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I noticed something strange while inspecting my compiled shader assemblies, that if I put some buffer loads inside an if statement or a loop, then the resulting assembly will be organized much differently then if outside a branch or loop.

Consider this example:

StructuredBuffer someBuffer<Type>:register(t0);
// ...
float4 pos;
// ...    
if (statementIsTrue)
{
  float4x4 world = someBuffer[index].matWorld;
  pos = mul(pos, world);
}

The mul gets compiled to something like this:

0x000000B8:   ld_structured_indexable(structured_buffer, stride=128)(mixed,mixed,mixed,mixed) r0.yzw, r0.x, l(4), t0.xxyz
0x000000E4:   ld_structured_indexable(structured_buffer, stride=128)(mixed,mixed,mixed,mixed) r1.xyz, r0.x, l(20), t0.xyzx
0x00000110:   ld_structured_indexable(structured_buffer, stride=128)(mixed,mixed,mixed,mixed) r2.xyz, r0.x, l(36), t0.xyzx
0x0000013C:   ld_structured_indexable(structured_buffer, stride=128)(mixed,mixed,mixed,mixed) r3.xyz, r0.x, l(52), t0.xyzx
0x00000168:   dp3 o0.x, v0.yzwy, r0.yzwy
0x00000184:   dp3 o0.y, v0.yzwy, r1.xyzx
0x000001A0:   dp3 o0.z, v0.yzwy, r2.xyzx
0x000001BC:   dp3 o0.w, v0.yzwy, r3.xyzx

Then when I leave the if branch, the whole thing just gets reorganized:

0x00000090: ld_structured_indexable(structured_buffer, stride=128)(mixed,mixed,mixed,mixed) r1.xyzw, r0.x, l(0), t0.xyzw
0x000000BC: dp4 o0.x, v0.xyzw, r1.xyzw
0x000000D8: ld_structured_indexable(structured_buffer, stride=128)(mixed,mixed,mixed,mixed) r1.xyzw, r0.x, l(16), t0.xyzw
0x00000104: dp4 o0.y, v0.xyzw, r1.xyzw
0x00000120: ld_structured_indexable(structured_buffer, stride=128)(mixed,mixed,mixed,mixed) r1.xyzw, r0.x, l(32), t0.xyzw
0x0000014C: ld_structured_indexable(structured_buffer, stride=128)(mixed,mixed,mixed,mixed) r0.xyzw, r0.x, l(48), t0.xyzw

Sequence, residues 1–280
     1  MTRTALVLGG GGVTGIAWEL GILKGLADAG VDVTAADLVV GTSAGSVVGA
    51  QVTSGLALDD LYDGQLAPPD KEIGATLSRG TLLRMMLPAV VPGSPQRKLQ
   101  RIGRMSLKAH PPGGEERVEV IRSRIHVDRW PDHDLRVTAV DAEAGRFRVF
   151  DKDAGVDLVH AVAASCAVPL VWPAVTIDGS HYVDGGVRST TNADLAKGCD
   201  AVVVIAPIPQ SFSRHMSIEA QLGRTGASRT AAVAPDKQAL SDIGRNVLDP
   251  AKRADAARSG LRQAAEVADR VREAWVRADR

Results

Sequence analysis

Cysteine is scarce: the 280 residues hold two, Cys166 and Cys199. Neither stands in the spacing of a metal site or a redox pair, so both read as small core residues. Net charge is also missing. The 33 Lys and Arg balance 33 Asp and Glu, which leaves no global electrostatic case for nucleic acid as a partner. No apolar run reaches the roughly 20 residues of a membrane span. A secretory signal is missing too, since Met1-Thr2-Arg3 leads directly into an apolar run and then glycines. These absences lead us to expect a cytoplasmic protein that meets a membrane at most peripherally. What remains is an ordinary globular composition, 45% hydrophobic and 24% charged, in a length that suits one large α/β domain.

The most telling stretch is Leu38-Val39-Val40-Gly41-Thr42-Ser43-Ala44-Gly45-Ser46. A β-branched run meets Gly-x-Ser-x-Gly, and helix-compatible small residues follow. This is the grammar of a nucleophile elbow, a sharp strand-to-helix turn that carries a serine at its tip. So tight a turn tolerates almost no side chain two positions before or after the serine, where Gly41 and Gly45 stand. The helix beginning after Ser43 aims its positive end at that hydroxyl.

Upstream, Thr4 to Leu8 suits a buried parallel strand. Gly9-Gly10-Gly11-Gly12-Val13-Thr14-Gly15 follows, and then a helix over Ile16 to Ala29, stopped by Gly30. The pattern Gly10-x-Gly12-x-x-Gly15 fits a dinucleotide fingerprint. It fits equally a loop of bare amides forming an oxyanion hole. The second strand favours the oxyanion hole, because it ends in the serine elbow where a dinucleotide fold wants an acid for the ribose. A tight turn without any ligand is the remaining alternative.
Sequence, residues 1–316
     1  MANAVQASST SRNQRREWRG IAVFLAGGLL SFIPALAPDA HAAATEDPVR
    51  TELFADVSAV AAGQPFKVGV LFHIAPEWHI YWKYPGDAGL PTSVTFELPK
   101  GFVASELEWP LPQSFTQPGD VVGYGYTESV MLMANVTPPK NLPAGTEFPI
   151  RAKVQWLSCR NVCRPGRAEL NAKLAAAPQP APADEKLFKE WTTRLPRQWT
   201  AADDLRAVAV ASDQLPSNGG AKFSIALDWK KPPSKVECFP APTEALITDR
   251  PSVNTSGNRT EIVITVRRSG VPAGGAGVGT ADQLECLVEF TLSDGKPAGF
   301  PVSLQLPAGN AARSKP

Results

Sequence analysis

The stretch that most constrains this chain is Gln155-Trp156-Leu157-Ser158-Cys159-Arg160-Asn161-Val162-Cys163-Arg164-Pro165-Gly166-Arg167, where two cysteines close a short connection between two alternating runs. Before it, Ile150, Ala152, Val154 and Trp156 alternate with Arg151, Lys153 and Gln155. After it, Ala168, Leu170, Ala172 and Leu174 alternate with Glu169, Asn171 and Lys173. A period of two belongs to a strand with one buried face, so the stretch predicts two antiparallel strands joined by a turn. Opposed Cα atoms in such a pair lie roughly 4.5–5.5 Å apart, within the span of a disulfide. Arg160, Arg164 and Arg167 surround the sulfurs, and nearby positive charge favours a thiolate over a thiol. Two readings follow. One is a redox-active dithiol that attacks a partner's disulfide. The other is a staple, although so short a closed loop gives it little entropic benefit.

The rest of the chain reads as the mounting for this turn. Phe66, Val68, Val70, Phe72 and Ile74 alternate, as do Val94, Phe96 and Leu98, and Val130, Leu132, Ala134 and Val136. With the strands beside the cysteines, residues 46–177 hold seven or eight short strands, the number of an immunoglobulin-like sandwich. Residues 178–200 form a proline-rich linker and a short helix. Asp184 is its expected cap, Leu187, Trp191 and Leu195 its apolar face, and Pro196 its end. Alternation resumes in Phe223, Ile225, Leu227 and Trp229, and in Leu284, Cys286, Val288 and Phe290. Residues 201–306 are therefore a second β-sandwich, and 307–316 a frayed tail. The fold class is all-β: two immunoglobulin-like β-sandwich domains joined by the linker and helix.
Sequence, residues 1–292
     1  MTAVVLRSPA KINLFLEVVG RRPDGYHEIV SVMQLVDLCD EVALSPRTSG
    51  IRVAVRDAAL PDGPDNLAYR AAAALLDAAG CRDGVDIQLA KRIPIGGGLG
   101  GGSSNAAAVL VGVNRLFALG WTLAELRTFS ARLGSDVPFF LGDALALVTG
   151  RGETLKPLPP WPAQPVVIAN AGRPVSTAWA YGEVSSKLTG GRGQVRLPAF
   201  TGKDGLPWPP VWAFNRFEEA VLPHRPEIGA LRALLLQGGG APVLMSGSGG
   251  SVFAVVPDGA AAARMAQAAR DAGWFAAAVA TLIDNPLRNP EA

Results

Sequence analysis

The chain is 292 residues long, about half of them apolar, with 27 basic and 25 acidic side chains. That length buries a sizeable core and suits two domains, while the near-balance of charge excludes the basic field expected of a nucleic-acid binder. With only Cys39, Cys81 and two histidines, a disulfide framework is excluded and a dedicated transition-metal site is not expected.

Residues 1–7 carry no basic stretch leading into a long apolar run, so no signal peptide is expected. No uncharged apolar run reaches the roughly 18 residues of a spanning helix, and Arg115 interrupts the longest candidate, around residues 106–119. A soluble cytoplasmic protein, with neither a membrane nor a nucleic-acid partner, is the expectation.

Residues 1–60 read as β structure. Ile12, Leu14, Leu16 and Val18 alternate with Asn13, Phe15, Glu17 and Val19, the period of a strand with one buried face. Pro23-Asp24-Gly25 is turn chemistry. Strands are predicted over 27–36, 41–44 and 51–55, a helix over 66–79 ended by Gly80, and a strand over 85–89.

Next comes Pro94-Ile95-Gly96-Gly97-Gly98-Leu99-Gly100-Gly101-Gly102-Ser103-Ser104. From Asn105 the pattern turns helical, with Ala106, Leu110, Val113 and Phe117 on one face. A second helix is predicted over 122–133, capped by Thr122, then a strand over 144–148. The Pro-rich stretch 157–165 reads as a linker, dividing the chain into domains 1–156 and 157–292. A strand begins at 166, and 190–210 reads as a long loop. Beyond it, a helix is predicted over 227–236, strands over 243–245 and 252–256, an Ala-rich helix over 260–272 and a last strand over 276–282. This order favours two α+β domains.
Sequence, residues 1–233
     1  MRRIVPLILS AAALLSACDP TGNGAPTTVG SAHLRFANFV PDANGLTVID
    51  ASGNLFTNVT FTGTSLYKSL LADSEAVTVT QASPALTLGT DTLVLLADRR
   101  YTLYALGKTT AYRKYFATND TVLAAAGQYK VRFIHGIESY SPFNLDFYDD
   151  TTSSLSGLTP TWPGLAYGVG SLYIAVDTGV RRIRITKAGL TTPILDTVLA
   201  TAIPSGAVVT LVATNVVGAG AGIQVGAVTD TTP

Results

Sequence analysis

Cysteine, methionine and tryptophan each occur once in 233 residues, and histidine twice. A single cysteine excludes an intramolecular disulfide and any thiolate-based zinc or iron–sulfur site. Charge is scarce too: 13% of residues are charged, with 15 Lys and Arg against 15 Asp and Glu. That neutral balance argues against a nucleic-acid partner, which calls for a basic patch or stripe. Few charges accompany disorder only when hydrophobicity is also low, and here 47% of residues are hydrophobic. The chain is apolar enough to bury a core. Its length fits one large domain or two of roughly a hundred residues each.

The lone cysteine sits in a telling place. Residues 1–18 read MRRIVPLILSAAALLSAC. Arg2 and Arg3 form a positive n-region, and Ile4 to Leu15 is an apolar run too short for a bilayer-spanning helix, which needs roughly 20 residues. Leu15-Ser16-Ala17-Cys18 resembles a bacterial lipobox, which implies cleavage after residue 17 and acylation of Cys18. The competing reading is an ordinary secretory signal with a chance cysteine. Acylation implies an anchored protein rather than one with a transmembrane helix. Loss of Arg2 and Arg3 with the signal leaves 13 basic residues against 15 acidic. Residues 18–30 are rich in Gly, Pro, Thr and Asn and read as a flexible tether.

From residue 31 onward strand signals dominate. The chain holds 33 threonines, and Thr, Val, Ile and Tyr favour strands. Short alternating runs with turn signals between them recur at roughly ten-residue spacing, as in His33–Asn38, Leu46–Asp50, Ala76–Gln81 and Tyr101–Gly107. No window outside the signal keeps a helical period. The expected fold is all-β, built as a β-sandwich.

0x00000178: dp4 o0.w, v0.xyzw, r0.xyzw
0x00000194: dp4 o0.z, v0.xyzw, r1.xyzw

Also notice how the dp3 instructions got changed to dp4s, which is also confusing to me.

This also happens with loops. Unrolled loops however act like the second case without the brach.

What could be the reason behind it all and does it matter?

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The HLSL compiler like any compiler tries to optimize code by applying various kinds of code analysis, peep hole optimization, etc. You can try playing around with optimization settings, but fundamentally the compiler is trying to make the best code it can.

Remember that branches can have a huge impact on the efficiency of shaders, particularly dynamic branching. HLSL has some attributes you can use to control how conditional branches are handled: [branch] if or [flatten] if. See MSDN.

In loops, you can use [loop] for or [unroll] for. See MSDN

When doing matrix multiplies, you can do them either with dp3 or dp4 depending on the memory layout. Generally for column-major (the default for HLSL), it can use fewer dp4 instructions.

Code-generation will also depend on your target shader profile.

In short, it does matter but you shouldn't worry about it.

If you really want to get into the nitty-gritty of the HLSL compiler, you might want to check out this GitHub project for the new LLVM/Clang-based Shader Model 6.1 HLSL compiler for DirectX 12.

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  • \$\begingroup\$ Hey thanks for answering. I know about those attributes, I was specifically interested in the above mentioned compiler behaviour. I had an idea that maybe it tries to optimize for balancing ALU/TEX load (or buffer load) when there is no dynamic flow control? \$\endgroup\$ – János Turánszki Feb 14 '17 at 17:49

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